COINTEGRATION OF MONETARY POLICY IN GCC COUNTRIES AS MEASURE OF ECONOMIC INTEGRATION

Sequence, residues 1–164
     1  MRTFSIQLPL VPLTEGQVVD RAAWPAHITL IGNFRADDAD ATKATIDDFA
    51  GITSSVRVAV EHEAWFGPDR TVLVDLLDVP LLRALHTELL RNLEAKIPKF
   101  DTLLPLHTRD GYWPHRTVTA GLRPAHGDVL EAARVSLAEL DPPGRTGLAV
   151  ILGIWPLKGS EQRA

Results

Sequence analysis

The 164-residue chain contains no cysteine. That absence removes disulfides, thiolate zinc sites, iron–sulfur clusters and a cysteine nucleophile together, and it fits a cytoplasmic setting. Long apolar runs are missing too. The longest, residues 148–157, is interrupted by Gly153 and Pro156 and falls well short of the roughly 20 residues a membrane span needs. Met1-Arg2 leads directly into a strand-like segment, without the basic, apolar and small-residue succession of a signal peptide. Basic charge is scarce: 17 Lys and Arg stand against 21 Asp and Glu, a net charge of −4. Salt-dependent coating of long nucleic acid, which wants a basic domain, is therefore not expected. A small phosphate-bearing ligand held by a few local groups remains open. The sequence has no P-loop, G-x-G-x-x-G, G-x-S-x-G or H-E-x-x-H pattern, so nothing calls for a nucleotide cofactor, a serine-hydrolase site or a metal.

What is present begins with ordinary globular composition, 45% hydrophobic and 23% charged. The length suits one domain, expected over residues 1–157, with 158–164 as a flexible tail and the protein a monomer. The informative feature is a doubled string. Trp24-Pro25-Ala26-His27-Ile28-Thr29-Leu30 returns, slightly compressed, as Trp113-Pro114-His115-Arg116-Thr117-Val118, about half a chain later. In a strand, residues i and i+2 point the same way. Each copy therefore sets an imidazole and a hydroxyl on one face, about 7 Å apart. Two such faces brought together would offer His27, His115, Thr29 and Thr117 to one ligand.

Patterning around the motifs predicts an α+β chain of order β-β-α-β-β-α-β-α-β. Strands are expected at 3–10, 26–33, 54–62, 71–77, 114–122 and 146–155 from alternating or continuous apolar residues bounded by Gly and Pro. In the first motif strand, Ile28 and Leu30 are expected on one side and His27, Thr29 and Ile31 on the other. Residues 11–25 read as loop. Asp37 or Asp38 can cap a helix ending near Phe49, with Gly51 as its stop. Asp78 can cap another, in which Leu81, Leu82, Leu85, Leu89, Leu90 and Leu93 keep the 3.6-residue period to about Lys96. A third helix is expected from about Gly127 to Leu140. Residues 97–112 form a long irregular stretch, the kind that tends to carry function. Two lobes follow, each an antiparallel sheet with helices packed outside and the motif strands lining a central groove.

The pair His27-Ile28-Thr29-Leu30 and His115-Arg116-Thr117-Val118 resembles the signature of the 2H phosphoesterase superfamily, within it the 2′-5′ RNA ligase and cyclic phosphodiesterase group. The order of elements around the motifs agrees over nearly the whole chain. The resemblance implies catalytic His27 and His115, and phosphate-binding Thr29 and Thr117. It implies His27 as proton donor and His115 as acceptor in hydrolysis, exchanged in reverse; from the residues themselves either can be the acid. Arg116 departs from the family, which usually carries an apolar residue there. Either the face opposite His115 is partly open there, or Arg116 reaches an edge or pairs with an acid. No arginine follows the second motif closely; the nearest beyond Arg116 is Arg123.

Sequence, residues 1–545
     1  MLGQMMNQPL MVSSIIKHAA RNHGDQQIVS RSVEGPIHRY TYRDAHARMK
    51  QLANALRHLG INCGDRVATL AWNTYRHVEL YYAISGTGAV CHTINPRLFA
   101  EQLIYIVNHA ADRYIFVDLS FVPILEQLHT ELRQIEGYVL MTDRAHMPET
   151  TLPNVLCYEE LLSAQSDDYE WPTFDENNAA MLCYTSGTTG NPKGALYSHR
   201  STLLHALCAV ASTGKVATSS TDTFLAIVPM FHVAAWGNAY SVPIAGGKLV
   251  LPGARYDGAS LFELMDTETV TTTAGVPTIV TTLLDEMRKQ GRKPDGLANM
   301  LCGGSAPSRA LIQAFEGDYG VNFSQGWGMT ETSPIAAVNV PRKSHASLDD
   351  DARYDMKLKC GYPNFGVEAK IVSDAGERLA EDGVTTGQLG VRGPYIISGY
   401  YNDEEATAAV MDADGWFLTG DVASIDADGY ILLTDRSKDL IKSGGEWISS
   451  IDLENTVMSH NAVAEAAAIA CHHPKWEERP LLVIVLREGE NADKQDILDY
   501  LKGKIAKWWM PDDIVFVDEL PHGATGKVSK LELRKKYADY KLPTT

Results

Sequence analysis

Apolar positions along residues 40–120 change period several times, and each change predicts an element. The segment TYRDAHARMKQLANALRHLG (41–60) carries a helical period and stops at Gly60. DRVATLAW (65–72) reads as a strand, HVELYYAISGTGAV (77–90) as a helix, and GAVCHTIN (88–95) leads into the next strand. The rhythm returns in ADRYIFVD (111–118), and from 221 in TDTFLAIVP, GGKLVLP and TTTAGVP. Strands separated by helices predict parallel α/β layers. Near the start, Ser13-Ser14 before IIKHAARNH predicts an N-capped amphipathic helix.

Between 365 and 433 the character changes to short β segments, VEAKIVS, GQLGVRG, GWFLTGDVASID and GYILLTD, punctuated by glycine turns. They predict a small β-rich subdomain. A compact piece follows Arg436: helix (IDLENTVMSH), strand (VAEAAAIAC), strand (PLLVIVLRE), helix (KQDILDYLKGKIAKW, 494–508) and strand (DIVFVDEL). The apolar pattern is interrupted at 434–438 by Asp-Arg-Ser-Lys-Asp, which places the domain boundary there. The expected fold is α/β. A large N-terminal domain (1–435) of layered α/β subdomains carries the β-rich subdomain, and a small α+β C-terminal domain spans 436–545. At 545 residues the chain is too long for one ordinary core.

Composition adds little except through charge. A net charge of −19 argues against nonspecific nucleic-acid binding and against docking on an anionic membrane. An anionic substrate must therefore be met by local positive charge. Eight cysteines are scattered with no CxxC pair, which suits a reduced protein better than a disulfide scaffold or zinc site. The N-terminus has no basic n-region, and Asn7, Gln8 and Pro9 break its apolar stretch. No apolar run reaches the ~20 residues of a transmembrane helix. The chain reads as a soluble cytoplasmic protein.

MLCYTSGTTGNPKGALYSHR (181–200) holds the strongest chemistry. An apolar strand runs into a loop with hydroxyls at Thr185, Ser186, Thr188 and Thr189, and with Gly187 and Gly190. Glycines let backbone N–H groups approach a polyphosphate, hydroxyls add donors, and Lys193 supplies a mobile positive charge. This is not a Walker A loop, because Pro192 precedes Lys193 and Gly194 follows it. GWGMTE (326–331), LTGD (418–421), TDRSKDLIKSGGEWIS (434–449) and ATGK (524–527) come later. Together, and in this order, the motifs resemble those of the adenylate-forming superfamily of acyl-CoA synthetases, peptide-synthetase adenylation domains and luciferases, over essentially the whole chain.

Economic integration in the world is not always an explicit and intentional process. For some regions we are able to observe unintentional coordination of economic policies that results from following similar institutional and legal solutions. One of such cases can be recognized in the nominal sector of the national economy. As a consequence, a group of countries may be forming a de-facto currency union. It could alternatively compose an OCA without any need for forced nominal convergence. This paper focuses on monetary policy stance and its developments in the period from 1981 to 2013 of a very special group of resource-based economies. The GCC countries share many similarities in the underlying exchange rate regime solutions. They are in the same time following some explicit economic integration initiatives. It happens, however, that due to the financial turmoil after 2008, many of the integration processes have been reversed, or stopped. An empirical research tries to answer a question of the extent to which the integration process in nominal sector has been developing. For this purpose the monetary policy stance correlation is measured. Observing its developments, with a cointegration analysis in a standard (non-structural) VAR model, delivers interesting insights into an issue of the GCC as an OCA. With statistical data provided by the World Bank (WDI Database) it is possible to observe significant convergence in monetary policy stance among all but one of the GCC countries. This study draws attention to a broader picture of a region that has potential of benefiting from a common market. However, not all GCC countries seem to be suited for economic integration in nominal sector. It is Bahrain that shows significant divergence for the whole period covered. There may be many country-specific factors, but persistence of asymmetry in monetary policy in this particular case allows for skeptical thoughts. If the GCC initiatives are continued, the economic integration will be more challenging in the new situation. As the observed convergence in monetary policy stance has been present from late 1970s one could suggest that it could have been a non-intentional process, but a result of similar exchange rate regimes. However, the latter divergence has been a result of conscious changes in the economic policies that affect the nominal sector.
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